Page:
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The Association of American Educators
AAE Blog
The Association of American Educators (AAE) is the largest national nonunion professional teachers association, advancing the profession through teacher advocacy and professional development, as well as promoting excellence in education, so that our members receive the respect, recognition and reward they deserve.

  • Your Teacher Summer Reading List – 2018

    People who don’t teach, sometimes make snide comments about educators having the summer off. They have little understanding of the hectic pace of the school year and how little time there is for teachers to actually pause and reflect on their teaching techniques or explore new methods. In this whirlwind environment, the summer is a necessity. It allows teachers the time they need to catch their breath, do some personal reflection and assessment and find out what is new in the field of education. And for the teacher who is unsatisfied with the way they’ve been doing something – it’s the perfect time to change course  and try something new.



  • Weekly News Round-Up for July 13th

    Each week, AAE brings its members a round-up of what’s happening in education. From big, eye-catching headlines to the stories most papers overlook, we find the news our members really want to see. This week, new school safety recommendations, an NAACP statement, more Janus fallout, and more!



  • Online Course Offerings for the Summer

    Summer is the perfect time to reflect on your craft, target areas of growth and achieve your development goals. It’s also a more focused time to get those credit hours in during the summer months before the new school year begins! Many institutions are offering special condensed summer courses for teachers. Check out our five selections below:



  • Weekly News Round-Up for July 6th

    Each week, AAE brings its members a round-up of what’s happening in education. From big, eye-catching headlines to the stories most papers overlook, we find the news our members really want to see. This week, union news abounds!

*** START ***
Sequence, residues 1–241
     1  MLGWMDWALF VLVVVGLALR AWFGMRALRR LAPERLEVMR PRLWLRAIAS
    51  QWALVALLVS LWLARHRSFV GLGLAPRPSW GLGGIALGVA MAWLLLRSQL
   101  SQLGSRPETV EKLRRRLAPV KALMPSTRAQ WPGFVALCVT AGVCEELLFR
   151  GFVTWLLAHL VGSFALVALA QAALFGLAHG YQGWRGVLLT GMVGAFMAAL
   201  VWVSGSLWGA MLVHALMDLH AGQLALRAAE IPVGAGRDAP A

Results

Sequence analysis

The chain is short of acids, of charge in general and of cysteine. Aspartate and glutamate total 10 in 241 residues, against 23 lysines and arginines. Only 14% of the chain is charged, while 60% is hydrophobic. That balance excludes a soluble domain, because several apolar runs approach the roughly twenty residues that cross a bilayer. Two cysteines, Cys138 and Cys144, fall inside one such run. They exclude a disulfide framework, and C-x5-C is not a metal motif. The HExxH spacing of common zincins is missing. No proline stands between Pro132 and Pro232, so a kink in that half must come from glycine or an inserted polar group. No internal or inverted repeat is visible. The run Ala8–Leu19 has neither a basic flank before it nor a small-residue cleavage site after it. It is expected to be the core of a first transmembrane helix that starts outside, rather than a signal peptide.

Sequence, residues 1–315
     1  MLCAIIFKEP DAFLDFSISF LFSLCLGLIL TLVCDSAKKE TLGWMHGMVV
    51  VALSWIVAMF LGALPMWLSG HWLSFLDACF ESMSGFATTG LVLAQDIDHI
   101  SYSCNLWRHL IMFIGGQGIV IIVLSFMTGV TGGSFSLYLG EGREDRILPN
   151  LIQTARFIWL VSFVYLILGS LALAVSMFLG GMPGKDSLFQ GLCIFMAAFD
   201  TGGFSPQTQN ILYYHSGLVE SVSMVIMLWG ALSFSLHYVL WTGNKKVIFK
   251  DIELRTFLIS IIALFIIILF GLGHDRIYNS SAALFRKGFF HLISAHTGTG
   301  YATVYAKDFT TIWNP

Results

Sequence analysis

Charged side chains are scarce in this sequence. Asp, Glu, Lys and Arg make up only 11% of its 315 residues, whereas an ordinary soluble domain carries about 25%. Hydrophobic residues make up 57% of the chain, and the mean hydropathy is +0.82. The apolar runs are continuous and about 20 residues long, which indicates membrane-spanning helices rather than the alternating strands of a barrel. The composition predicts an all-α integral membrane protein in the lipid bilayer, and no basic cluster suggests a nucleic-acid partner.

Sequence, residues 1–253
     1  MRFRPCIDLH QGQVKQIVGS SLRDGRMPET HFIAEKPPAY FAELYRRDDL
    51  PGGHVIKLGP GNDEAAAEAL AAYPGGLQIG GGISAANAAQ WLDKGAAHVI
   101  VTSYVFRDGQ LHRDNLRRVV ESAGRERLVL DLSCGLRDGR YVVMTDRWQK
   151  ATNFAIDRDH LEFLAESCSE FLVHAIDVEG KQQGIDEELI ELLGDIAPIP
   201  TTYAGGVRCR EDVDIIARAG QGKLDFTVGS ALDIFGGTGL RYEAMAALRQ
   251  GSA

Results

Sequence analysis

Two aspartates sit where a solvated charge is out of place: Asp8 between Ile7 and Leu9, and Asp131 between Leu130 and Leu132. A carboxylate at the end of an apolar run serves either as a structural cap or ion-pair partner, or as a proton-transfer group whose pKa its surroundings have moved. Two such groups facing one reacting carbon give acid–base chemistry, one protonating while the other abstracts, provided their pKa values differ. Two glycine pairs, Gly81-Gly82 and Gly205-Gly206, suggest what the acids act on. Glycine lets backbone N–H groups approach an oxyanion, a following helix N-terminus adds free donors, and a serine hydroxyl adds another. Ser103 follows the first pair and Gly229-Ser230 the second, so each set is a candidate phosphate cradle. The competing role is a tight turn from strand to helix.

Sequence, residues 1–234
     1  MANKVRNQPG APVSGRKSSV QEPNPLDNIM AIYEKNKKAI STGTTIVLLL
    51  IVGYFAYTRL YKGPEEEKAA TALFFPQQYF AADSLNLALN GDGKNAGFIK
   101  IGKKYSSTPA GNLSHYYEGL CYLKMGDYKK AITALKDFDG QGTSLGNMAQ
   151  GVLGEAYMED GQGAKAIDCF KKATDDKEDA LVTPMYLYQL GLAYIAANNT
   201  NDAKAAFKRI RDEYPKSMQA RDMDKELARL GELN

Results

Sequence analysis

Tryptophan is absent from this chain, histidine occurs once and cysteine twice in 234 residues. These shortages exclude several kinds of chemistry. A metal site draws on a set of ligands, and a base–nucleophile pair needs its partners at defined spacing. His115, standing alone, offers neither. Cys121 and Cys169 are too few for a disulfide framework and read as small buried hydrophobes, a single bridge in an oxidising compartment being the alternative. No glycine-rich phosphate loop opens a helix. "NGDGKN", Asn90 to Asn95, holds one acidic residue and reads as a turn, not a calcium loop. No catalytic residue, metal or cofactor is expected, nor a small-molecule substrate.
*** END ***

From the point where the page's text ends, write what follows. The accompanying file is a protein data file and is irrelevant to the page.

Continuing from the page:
• The Teacher Legacies that We Can’t Get Out of Our Head

    Teachers don’t get into it for the money. Many teachers report starting a career in education due to altruistic feelings and a desire to positively impact the world around them. For some, impacting others in life isn’t enough. Some teachers are so dedicated to their students, that they seek to help them even in death, leaving behind legacies that impact generations to come.



  • A Classroom Need - Diverse Teachers

    Recently while celebrating National Teacher Appreciation Week and attending The Atlantic’s Education Policy Summit, it was abundantly clear that diversity among teachers has become a top policy issue. However, it has been an ongoing crisis in classrooms throughout the US for decades. In 2016, the US Department of Education commissioned The State of Racial Diversity in the Educator Workforce report. The purpose of this report was to provide a current snapshot of the racial diversity of educators in our nation’s elementary and secondary public schools. (Please read it if you have time!)



  • Weekly News Round-Up for June 29th

    Each week, AAE brings its members a round-up of what’s happening in education. From big, eye-catching headlines to the stories most papers overlook, we find the news our members really want to see. This week, we lead the news with a landmark court ruling for teacher freedom!



  • A Victory for Teacher Freedom

    In a major victory for teacher freedom, today the Supreme Court ruled in Janus v. AFSCME that public sector employees cannot be forced to pay agency fees as a condition of employment.


    In the ruling, Justice Alito wrote, “Under Illinois law, public employees are forced to subsidize a union, even if they choose not to join and strongly object to the positions the union takes in collective bargaining and related activities, We conclude that this arrangement violates the free speech rights of nonmembers by compelling them to subsidize private speech on matters of substantial public concern.”



  • Summer Side Gigs: Tips for Teachers Looking for Extra Income

    Guest post by Joyce Wilson.


    Let’s face it, people don’t go into teaching because they want to get rich. It’s a noble profession, one whose rewards tend to be of a personal nature. Teachers derive great satisfaction from seeing their students succeed and go on to have good academic careers. Some say the best teachers are those that instill a love of learning for its own sake and instill self-discipline in their students, which serves them well throughout their lives.